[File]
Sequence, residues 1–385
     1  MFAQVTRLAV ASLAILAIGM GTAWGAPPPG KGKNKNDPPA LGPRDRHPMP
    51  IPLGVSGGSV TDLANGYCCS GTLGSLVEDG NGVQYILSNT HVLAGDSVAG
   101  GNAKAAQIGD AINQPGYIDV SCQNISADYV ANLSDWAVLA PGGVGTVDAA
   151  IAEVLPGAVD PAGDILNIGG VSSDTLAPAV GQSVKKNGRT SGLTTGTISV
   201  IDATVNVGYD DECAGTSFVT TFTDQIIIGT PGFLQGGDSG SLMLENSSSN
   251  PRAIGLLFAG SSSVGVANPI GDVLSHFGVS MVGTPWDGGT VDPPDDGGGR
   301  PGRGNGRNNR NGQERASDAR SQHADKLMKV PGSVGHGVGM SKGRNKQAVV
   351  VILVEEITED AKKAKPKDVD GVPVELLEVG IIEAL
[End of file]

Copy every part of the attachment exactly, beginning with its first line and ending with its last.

Sequence, residues 1–385
     1  MFAQVTRLAV ASLAILAIGM GTAWGAPPPG KGKNKNDPPA LGPRDRHPMP
    51  IPLGVSGGSV TDLANGYCCS GTLGSLVEDG NGVQYILSNT HVLAGDSVAG
   101  GNAKAAQIGD AINQPGYIDV SCQNISADYV ANLSDWAVLA PGGVGTVDAA
   151  IAEVLPGAVD PAGDILNIGG VSSDTLAPAV GQSVKKNGRT SGLTTGTISV
   201  IDATVNVGYD DECAGTSFVT TFTDQIIIGT PGFLQGGDSG SLMLENSSSN
   251  PRAIGLLFAG SSSVGVANPI GDVLSHFGVS MVGTPWDGGT VDPPDDGGGR
   301  PGRGNGRNNR NGQERASDAR SQHADKLMKV PGSVGHGVGM SKGRNKQAVV
   351  VILVEEITED AKKAKPKDVD GVPVELLEVG IIEAL